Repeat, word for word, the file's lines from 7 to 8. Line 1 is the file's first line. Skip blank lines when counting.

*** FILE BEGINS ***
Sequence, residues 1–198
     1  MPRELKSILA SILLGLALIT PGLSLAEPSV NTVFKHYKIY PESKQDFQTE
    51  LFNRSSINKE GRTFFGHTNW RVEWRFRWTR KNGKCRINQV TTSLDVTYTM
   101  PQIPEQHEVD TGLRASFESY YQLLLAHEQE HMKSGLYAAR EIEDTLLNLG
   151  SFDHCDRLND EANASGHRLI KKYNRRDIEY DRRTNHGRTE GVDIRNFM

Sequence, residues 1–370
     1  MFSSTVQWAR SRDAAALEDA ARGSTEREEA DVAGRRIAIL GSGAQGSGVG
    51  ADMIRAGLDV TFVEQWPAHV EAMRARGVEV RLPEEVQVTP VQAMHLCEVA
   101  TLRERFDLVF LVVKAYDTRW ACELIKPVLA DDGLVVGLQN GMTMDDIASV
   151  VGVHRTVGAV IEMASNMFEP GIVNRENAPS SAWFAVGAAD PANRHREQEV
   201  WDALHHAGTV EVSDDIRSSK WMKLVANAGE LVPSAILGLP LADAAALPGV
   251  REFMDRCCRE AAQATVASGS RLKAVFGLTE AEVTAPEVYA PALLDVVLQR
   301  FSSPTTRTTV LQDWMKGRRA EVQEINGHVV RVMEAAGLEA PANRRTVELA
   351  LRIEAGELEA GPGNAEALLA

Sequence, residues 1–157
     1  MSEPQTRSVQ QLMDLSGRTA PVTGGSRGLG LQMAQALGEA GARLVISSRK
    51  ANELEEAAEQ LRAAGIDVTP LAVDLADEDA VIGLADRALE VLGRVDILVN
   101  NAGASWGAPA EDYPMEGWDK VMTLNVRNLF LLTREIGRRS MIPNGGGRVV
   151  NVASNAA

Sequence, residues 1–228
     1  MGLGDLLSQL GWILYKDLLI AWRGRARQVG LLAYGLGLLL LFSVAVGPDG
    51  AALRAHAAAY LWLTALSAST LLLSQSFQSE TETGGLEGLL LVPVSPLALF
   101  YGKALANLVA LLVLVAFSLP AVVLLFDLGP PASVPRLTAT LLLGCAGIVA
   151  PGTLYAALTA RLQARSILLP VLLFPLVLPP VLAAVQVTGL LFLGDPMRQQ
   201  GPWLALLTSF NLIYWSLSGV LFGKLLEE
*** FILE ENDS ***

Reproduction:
     1  MFSSTVQWAR SRDAAALEDA ARGSTEREEA DVAGRRIAIL GSGAQGSGVG
    51  ADMIRAGLDV TFVEQWPAHV EAMRARGVEV RLPEEVQVTP VQAMHLCEVA